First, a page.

The mid-to-late Baby Boomers and early Gen Xers appear to think that the Sundance/Miramax/New Line-Fine Line/video store/indie film paradise of the ‘80s and ‘90s are the halcyon days – folks like Steven Soderbergh, Spike Lee, Quentin Tarantino, Jim Jarmusch, Kevin Smith.

Probably folks like the Duplass Brothers, Greta Gerwig, Debra Granik, Benh Zeitlin, the Funny Or Die guys and gals and other filmmakers finding success in the current era will look back at the 2000s as a halcyon era of celluloid dreams found during the digital transition. An era that provided limitless YouTube possibilities, when the number of community-based, mission-driven Art Houses cinemas were growing (due to the Art House Convergence!) and everyone had the ability to earn a post graduate motion picture education at Netflix U.

So, instead of filmmakers and pundits making broad statements assuming that movie exhibition exists as one giant main stream market; let’s instead think about the theatrical exhibition market place as the segmented and diverse market that it is – and has been for generations.

The media and the general public seem to easily accept sweeping unsubstantiated statements about the movie exhibition market place. However, people seem to have a more nuanced and complex understanding of the music market. No one thinks of Lady Gaga, Winton Marsalis and the Boston Symphony playing to a large, singular music market. People seem to understand that each of these artists has their niche. So if pundits or a prominent musician said that the music industry will collapse unless arena shows continue to be successful (by the way, there are fewer and fewer arena shows these days), that pundit or musician would be mocked by Jon Stewart on the Daily Show. 

However, this is basically what Steven Spielberg said would happen to the film market.  To illustrate this point I have replaced references to movies, in Steven Spielberg’s recent statement postulating that the movies will “implode,” with the appropriate musical reference:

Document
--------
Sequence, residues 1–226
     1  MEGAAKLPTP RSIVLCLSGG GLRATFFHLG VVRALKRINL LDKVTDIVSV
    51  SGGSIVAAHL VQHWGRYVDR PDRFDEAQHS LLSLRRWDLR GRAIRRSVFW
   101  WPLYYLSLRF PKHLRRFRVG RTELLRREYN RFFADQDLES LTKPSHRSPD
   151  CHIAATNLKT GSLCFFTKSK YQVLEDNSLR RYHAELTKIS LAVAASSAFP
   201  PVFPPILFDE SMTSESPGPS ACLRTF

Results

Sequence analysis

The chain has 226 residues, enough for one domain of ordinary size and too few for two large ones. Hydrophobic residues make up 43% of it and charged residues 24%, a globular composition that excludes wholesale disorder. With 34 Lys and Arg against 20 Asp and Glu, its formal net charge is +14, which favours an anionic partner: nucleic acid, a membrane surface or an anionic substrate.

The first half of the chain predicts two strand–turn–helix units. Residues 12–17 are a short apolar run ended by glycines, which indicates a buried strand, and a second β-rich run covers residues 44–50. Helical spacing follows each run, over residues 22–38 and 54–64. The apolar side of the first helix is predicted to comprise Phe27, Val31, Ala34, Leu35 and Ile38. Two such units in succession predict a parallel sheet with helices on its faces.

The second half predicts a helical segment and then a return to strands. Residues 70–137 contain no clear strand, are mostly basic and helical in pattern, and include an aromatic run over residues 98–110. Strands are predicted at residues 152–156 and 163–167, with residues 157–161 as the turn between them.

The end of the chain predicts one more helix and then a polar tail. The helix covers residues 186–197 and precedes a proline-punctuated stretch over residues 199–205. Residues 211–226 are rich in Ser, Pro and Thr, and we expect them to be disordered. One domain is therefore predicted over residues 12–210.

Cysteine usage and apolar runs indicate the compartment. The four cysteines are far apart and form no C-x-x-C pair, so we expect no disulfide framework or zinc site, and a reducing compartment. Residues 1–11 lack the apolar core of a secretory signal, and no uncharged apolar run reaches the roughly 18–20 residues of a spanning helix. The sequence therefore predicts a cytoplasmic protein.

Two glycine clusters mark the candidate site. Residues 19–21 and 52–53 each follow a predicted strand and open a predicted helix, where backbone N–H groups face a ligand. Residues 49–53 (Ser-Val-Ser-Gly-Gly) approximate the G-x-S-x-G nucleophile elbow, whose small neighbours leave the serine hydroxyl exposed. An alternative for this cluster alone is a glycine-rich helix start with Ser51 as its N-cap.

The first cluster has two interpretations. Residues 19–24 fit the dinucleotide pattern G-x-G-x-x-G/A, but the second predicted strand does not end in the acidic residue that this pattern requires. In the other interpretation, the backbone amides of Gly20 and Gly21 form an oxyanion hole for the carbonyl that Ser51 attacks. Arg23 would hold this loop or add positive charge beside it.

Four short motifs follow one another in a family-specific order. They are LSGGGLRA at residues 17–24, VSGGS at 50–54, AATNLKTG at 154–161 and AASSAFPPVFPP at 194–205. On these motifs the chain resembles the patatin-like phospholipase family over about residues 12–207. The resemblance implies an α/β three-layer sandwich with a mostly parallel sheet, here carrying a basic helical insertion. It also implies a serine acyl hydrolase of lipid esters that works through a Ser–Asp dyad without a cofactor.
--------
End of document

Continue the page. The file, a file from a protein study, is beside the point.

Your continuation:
“[Some ideas from young MUSICIANS AND MUSIC STUDENTS] are too fringe-y for MUSIC. That’s the big danger, and there’s eventually going to be an implosion — or a big meltdown. There’s going to be an implosion where three or four or maybe even a half-dozen megabudget CONCERTS are going to go crashing into the ground, and that’s going to change the paradigm.”

Steven Spielberg's Close Encounters of the Third KindSpielberg is a great artist in my opinion. He has a peerless career. His artistry and craftsmanship was so resonant with broad audiences in the 1970s and 1980s, that he was significantly responsible for creating the summer blockbuster dynamic (Jaws) that allowed for the development of “megabudget” movies.  For him to say that young filmmakers and film students are “too fringe-y” is absolutely true – they always have been fringy (but some are not – which is also true).  To say that “[an implosion is] going to change the paradigm” is also true, because something is always changing paradigms – clearly Spielberg was an innocent agent of paradigm change as a young filmmaker!

Think about the world that Spielberg came into as a young filmmaker in the late 1960s and 1970s. The old line Hollywood Studios were reeling. There were no megaplex theaters – the movie exhibition innovation of that era was multiplex cinemas in shopping malls with postage stamp size theaters and screens.  These shopping mall cinemas were causing the few remaining movie palaces, as well as single screen neighborhood cinemas to be abandoned or “twinned” or “quaded.”

In the 1970s there was no generally accessible Internet or movie streaming. For all intents and purposes there were no video rental stores or home video. Spielberg’s career was established during a period of a huge paradigm shift. He benefited from the newly created blockbuster movie marketing. He profited from the soon to follow home video explosion.  But, I have to imagine from Spielberg point of view, the paradigm shift in the 1970s was just the new “normal,” a “halcyon era” from which we are straying in the 21st century – because theatrical exhibition is tenuous (as it has been since the 1940s), the home video markets has dried up and people are watching pirated movies on their phone. Spielberg’s coming of age era was for him the halcyon period that the 21st century “implosion” will cause to go “crashing into the ground.”

But he is wrong. As said previously, the market for movies is actually diverse and highly segmented – although from the top down movie industry vantage point and media punditry you would not think this to be true.  Would we really mourn for Spielberg or ourselves if Lincoln would have been made for cable or had played on Public Television? Is it bad for humanity that cable television is creating wonderful, resonate stories in long-form moving image series that people want to watch at home on TV (or streamed onto their computer)? I don’t think so, but it is a paradigm shift and it might affect people’s theatrical movie going habits. Televisions in people’s homes have had that effect for seven decades – it is not a new phenomenon.